To the editor:

Saturday morning, June 7, I awoke to read the newspaper. One of the stories was on the DeKalb Animal Shelter. Plans were to announce soon the new shelter location. I was glad to hear this was finally happening. This was very much needed.

I had an appointment that morning at Animal Care Clinic for my dog and cat. As I pulled up to the clinic, I saw the van from the shelter parked in the lot. Upon entering the waiting area, I saw Kelly Collins Ross, director of DeKalb Humane Society. She was with a dog that had been abandoned in a cage close to the Auburn Police Station. This dog was skin and bones. It had such bad skin damage from fleas, possibly mange, and had open, weeping sores. Her eyes were very dark around them, due to the dripping coming from them. Her teeth were worn done from gnawing on something. Probably to escape the life she was forced to live.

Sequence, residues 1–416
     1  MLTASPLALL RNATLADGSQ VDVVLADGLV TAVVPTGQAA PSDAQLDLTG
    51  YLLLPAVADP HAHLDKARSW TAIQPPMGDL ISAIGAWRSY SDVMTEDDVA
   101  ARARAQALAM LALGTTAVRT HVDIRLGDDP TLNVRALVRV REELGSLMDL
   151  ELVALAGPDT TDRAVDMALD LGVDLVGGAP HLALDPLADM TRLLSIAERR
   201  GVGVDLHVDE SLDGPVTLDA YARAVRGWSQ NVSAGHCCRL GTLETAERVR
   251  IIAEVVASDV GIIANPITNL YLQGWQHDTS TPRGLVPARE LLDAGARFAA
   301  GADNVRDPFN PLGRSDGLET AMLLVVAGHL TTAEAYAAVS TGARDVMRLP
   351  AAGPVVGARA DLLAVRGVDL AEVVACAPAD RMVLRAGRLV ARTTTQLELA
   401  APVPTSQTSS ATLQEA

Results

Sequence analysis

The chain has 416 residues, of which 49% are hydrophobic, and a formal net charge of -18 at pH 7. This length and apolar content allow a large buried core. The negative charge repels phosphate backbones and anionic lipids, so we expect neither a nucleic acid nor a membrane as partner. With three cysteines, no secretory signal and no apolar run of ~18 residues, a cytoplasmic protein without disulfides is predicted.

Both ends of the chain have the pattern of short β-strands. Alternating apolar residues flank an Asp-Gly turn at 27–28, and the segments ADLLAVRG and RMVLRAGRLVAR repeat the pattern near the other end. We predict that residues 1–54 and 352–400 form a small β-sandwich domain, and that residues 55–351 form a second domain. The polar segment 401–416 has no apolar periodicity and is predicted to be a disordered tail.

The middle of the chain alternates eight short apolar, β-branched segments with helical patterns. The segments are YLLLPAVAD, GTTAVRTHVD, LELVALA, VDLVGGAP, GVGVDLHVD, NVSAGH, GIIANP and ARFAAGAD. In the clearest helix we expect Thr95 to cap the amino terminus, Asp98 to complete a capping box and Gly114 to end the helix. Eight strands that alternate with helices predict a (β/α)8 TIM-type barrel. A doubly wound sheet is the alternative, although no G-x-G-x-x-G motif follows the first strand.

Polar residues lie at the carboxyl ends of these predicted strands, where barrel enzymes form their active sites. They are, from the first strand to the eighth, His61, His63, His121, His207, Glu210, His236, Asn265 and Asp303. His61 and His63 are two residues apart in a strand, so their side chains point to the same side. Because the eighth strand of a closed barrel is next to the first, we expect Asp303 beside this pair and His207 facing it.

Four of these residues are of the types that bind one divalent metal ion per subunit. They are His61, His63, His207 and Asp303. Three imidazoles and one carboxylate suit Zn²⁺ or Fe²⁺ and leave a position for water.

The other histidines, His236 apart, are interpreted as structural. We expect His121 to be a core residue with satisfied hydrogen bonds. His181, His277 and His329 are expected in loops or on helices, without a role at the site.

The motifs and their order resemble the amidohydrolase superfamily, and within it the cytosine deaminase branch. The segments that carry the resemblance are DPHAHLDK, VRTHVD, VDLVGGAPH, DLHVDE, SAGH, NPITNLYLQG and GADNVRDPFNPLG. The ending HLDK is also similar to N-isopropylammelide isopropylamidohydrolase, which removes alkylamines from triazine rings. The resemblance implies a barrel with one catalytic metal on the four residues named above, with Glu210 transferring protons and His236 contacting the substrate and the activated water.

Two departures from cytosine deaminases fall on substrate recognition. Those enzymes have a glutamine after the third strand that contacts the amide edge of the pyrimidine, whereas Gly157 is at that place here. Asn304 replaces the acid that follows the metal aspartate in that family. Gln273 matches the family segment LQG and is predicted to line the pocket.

This dog was so kind to everyone and every animal in that waiting room. Through the pain she must have been going through, she wagged her tail and was friendly.

Kelly and this dog then were taken to one of the clinic rooms to be evaluated. Shortly Kelly come out of the room in tears. The dog was too far gone to be saved and was to be put down. The remaining group in the waiting room was reduced to tears.

That experience gave me a whole new perspective on the need not only for a new improved shelter. But also for better laws to prosecute the type of people that did this to this poor dog. It probably never had a good day in its life. But right up to the time it was put to death, it still expressed that it was a loving dog. I cannot imagine what type of coward would do this to an animal and sneak into a holding pen at night, just to dump her off.

People like Kelly and the staff at the shelter, I am sure deal with these stories daily. I thank them for all they do. I hope that others will support the shelter as I will be doing and push our legislatures to strengthen our laws to deter this type of treatment of animals.

Craig Bassett


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